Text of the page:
Burnett denied parole

Published 2:54 pm Friday, December 18, 2015

The Alabama Board of Pardons and Paroles Wednesday denied parole to George Allen Burnett, who is serving consecutive 20-year sentences for robbery and the 2004 murder of Doyle Hudson, Sr.

The board cited numerous disciplinary issues during Burnett’s incarceration as the reason for denying him parole for his robbery sentence.

According to the board, Burnett has had 45 disciplinary actions during his time in prison.

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“Given his disciplinary record, if he was in for stealing someone’s lawnmower from their storage shed he would not get parole,” said board member Robert Longshore. “That’s before we get to what else happened in this case.”

Burnett was one of three men arrested and charged with the murder of Doyle Hudson, Sr.

Burnett, Jenaldo Terrell Scott and Maurice Cortez Tyson broke into Hudson’s home at 2191 Poorhouse Road in March of 2004.

The victim apparently confronted them and struggled with at least two of them.

They allegedly overpowered him and tied him up.

Doyle Hudson, Sr. was then bludgeoned to death with a concrete cinder block.

“When I was about 14 years old, George Burnett moved to Poorhouse Road where we lived,” said Doyle Hudson, the son of Doyle Hudson, Sr. “Me and a few buddies of mine would go by and try and make friends with him. We’d invite him to the house and shoot basketball or play football. We were just trying to be friends. He’d come in the house and get something cold to drink. He knew what was in our house. He’s the reason our house was chosen. He’s the reason daddy is not here today.”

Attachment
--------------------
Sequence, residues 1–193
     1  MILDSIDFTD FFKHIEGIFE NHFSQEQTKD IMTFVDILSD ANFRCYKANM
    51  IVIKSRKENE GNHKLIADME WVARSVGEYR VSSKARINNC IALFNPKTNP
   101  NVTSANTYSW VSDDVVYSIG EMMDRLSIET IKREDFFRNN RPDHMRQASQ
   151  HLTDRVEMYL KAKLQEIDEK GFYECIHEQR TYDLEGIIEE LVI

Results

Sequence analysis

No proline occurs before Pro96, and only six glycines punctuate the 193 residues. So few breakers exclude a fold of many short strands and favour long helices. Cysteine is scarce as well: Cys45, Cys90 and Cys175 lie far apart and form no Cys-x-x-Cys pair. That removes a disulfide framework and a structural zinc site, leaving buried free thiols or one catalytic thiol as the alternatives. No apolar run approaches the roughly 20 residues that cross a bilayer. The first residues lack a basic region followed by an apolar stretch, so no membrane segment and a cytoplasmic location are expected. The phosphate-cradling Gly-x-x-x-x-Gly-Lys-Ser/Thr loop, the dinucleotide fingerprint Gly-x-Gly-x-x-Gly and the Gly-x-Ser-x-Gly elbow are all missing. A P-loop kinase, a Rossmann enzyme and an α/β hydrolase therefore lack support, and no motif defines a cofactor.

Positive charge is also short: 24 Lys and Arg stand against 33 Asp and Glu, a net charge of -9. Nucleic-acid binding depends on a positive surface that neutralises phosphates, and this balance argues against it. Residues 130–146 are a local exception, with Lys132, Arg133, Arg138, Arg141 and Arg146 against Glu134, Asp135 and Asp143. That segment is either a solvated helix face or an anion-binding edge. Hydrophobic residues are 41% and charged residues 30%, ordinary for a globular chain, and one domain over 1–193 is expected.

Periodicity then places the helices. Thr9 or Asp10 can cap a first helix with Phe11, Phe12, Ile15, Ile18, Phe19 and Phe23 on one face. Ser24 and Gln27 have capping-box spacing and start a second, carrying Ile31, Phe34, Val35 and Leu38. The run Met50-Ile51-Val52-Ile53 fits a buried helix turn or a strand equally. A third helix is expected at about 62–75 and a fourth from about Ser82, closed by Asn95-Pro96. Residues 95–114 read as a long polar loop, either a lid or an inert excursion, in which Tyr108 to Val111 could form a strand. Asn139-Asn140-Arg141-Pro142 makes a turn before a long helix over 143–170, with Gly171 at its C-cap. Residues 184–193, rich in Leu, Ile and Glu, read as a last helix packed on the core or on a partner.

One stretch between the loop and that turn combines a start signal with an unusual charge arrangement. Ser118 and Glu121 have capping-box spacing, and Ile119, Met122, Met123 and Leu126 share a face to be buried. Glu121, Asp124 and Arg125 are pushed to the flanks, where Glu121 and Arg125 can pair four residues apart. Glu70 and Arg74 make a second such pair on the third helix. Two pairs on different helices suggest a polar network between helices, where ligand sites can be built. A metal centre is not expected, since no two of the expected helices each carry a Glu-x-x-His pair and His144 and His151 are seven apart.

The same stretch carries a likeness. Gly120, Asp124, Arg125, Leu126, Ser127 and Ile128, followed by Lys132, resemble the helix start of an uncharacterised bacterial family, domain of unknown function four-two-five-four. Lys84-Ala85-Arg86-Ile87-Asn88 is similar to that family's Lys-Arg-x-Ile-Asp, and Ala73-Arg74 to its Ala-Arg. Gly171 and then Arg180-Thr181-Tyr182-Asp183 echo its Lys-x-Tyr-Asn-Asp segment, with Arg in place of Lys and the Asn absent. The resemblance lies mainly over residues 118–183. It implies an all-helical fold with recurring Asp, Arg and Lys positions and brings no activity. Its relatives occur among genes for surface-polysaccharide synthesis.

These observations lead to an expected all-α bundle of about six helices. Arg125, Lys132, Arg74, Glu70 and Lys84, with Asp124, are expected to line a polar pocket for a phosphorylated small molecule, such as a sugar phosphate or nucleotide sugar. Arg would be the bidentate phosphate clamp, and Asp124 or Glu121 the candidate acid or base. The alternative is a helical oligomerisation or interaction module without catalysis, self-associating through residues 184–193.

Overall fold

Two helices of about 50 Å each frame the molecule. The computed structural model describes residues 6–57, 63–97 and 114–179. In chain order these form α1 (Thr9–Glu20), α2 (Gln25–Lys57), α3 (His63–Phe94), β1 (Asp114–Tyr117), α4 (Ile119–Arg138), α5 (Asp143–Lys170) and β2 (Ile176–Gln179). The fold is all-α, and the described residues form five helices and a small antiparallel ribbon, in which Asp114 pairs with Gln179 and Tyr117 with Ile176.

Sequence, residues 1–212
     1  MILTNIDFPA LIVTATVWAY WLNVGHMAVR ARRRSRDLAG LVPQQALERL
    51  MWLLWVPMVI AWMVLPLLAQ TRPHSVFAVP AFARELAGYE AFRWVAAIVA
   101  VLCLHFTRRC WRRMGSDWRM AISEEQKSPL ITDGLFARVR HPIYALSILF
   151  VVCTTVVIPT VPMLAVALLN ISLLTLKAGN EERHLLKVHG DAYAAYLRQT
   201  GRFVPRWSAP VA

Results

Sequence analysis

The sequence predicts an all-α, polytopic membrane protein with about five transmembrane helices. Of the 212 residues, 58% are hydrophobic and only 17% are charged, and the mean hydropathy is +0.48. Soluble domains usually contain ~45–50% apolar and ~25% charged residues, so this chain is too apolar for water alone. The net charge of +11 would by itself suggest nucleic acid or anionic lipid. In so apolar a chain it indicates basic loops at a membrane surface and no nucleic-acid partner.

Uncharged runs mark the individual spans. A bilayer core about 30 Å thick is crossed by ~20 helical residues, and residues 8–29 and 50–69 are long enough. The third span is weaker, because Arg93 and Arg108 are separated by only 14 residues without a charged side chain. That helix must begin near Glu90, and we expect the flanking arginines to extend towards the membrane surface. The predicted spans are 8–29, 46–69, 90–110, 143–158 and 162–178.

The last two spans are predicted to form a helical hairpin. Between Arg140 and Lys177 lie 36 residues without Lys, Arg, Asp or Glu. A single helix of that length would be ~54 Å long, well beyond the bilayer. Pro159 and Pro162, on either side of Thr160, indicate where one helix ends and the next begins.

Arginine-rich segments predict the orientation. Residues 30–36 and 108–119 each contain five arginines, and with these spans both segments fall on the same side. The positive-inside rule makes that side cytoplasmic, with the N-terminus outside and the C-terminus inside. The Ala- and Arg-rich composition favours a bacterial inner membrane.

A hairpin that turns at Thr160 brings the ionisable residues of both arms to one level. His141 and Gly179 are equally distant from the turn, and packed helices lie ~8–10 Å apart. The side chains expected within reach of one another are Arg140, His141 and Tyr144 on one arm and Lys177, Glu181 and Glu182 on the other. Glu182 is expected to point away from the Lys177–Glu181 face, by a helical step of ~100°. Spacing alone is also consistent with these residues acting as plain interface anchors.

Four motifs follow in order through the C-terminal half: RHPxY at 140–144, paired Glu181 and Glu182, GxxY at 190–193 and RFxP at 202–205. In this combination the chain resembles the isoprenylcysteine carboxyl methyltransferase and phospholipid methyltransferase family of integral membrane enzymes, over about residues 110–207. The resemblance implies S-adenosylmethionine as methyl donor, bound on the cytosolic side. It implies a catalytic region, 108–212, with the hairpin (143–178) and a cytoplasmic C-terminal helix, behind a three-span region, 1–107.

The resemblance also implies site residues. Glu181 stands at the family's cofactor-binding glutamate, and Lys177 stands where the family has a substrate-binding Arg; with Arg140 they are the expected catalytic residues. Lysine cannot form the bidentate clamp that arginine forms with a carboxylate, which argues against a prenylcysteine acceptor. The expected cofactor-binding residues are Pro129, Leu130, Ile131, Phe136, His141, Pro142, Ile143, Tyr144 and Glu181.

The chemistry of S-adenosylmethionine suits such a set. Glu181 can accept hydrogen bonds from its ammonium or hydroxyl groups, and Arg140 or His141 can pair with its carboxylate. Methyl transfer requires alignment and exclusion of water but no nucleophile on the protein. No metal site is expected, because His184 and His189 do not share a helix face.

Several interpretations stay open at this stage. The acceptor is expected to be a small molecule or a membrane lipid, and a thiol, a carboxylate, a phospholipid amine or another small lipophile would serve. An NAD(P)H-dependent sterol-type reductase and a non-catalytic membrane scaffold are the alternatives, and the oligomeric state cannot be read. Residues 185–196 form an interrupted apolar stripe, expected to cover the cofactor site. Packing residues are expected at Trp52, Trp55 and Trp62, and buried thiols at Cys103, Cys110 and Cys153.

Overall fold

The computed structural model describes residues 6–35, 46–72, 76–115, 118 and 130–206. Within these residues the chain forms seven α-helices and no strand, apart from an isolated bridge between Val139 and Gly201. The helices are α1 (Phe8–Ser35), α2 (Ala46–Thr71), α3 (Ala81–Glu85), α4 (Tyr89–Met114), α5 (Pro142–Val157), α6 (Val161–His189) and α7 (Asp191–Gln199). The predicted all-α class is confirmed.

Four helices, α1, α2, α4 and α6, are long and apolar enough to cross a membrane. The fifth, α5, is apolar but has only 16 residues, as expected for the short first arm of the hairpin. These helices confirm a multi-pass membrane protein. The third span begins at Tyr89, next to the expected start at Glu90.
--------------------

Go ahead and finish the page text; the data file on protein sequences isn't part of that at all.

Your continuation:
Butler County Sheriff Kenny Harden, who in February lobbied to have Burnett’s original sentence revised, said it would be an injustice for Burnett to be released early.

Burnett was originally received a split sentence for the robbery. He was to serve five years in prison and 15 years probation. That sentence was revised to 20 years in prison in February due to his numerous disciplinary issues during his incarceration.

“This was a very violent crime,” Butler County Sheriff Kenny Harden said. “Back in February of this year, based on a letter the court had received from the Department of Corrections, we brought (Burnett) back to Greenville and revised his sentence at that time. After we got through with court, George Burnett tried to attack the correctional officer that testified against him. We ended up having to fight him there. He proved that day in court the reason why this happened. To me, it would be an injustice to the citizens of Alabama to let him out early at any point. He needs to serve his whole time for the burglary and for the murder.”

Burnett will be eligible for parole again in 2020.